IFSWF Santiago Principles

Auckland Communiqué

The International Forum of Sovereign Wealth Funds (IFSWF) held its eighth annual meeting in Auckland, New Zealand on 8-11 November 2016.

The meeting was hosted by the Guardians of New Zealand Superannuation. Senior officials from 25 IFSWF members attended the Auckland meeting. Also present were representatives of the Forum’s official observer institutions, including the European Commission, the International Monetary Fund and the World Bank, officials from the New Zealand Government and from several private-sector institutions. The Forum also welcomed representatives of non-member state-owned investors from around the globe.

On the first day of the meeting, IFSWF members and invited experts took part in a series of technical workshops and discussed a range of issues including models for sovereign development funds, performance measurements and benchmarks, infrastructure, divestment and insourcing investment activity.

At the annual meeting the IFSWF agreed to explore the investment implications of the global commitment to curb greenhouse gas emissions for sovereign wealth funds. The Forum will convene a working group to introduce members to the major questions raised by this new and important challenge. Over the next year they will identify the most relevant and pressing challenges and opportunities with a view to establishing a long-term programme on this subject. The working group will report back at the 2017 meeting, which will be held in Astana, Kazakhstan on 5-8 September 2017.

The theme for the open sessions of this year’s meeting was Investing in a Climate of Uncertainty. This theme explored the opportunities and challenges surrounding the new-found imperative to curb greenhouse gas emissions, as well as how sovereign wealth funds can best navigate the current low-yield, low-growth and uncertain investment environment.

In Auckland, the IFSWF also published a new volume of case studies describing members’ experiences in applying the Santiago Principles. These cases highlight the benefits bestowed by the transparency, accountability and investment frameworks recommended by the Principles. Full self-assessments by 28 members will be published online in early 2017.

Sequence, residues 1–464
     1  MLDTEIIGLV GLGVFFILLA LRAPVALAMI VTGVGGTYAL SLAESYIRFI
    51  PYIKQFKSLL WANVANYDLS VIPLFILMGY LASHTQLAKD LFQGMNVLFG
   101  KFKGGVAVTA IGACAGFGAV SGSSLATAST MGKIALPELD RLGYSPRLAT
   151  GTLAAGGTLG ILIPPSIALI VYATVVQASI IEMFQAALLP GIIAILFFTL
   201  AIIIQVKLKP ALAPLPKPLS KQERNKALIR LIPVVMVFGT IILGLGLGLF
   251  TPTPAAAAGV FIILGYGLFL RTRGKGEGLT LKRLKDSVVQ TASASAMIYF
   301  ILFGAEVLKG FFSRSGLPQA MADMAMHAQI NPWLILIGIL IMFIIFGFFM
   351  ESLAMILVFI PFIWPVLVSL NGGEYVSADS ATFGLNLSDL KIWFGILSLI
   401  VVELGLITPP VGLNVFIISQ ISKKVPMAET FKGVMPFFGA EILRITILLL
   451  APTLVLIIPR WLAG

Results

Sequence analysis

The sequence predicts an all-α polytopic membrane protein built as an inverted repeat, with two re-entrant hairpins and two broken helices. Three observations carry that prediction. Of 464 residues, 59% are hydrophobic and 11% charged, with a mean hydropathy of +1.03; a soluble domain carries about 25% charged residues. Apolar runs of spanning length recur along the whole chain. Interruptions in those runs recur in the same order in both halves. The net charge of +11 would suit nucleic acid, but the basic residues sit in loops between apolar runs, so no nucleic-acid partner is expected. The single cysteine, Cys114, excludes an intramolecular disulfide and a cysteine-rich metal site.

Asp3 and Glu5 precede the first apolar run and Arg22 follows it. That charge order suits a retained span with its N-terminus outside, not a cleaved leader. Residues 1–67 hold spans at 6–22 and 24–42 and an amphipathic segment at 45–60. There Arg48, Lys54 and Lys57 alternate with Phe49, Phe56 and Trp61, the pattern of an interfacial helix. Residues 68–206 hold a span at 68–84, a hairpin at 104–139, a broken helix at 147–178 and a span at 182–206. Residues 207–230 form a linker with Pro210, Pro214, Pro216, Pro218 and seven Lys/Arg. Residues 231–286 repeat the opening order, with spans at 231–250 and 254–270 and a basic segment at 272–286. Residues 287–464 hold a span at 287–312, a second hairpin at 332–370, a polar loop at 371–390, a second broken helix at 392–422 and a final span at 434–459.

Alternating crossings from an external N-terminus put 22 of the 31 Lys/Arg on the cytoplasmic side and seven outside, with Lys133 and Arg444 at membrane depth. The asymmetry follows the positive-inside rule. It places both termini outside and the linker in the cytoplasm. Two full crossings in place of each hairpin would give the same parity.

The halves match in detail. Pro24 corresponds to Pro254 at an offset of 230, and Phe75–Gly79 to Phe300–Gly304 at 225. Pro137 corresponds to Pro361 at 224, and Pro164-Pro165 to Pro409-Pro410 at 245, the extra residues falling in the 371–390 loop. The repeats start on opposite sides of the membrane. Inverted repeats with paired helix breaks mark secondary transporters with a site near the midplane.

Adrian Orr, IFSWF Chair and CEO of the New Zealand Superannuation Fund, commented, “In the eight years since the Santiago Principles were written, our membership has expanded and become more diverse. As such, our understanding of the real-world implications of applying the Santiago Principles at individual organisations has had to evolve. “Each member starts the process of implementing the Principles from a different place, depending on their history and legacy structures and what their evolution looks like may not be the same for every member. But, the aim is to establish the best possible governance, accountability, and operational methods.”

Commenting of the strengthening of the IFSWF Secretariat in London in 2016, CEO Duncan Bonfield said, “The Board and the membership of IFSWF are committed to playing a leading role in furthering the case for long-term investment. To do this they have upgraded the capacity and capabilities of the Secretariat team in London, so that the IFSWF can be yet more effective on behalf of members.”

A full agenda of the annual meeting and the keynote addresses are available to download from the IFSWF’s website www.ifswf.org.

About the International Forum of Sovereign Wealth Funds

The International Forum of Sovereign Wealth Funds (IFSWF) is a voluntary organisation of global sovereign wealth funds committed to working together and strengthening the community through dialogue, research and self-assessment.

The IFSWF was formed in 2009 by a group of 23 leading state-owned international investors from around the world. The Forum’s initial aim was to maintain an open and stable investment climate by setting and adhering to a set of Generally Accepted Principles and Practices, known as the Santiago Principles, for sovereign wealth funds’ institutional governance and risk-management frameworks.

Today, helping members implement the Santiago Principles remains the foundation of the IFSWF’s activity. But the Forum now represents a group of more than 30 sovereign wealth funds from all corners of the globe, with a variety of mandates and at various stages in their development. As a result, the Forum’s focus has evolved. In addition to encouraging ongoing commitment to the Santiago Principles, the Forum also undertakes research, facilitates peer assistance exercises and holds workshops and seminars to help members enhance their existing investment capabilities. The IFSWF also undertakes to represent its members to the global financial and policy communities. For more information, visit www.ifswf.org.

About the New Zealand Superannuation Fund

The New Zealand Superannuation Fund is a NZ$30 billion sovereign wealth fund established by the New Zealand Government to partially pre-fund the future cost of universal pension payments. A long-term, growth-oriented investor, the Fund has returned 9.7 per cent p.a. since inception in 2003. The Fund is managed by the Guardians of New Zealand Superannuation, a Crown entity. For more information, visit www.nzsuperfund.co.nz.

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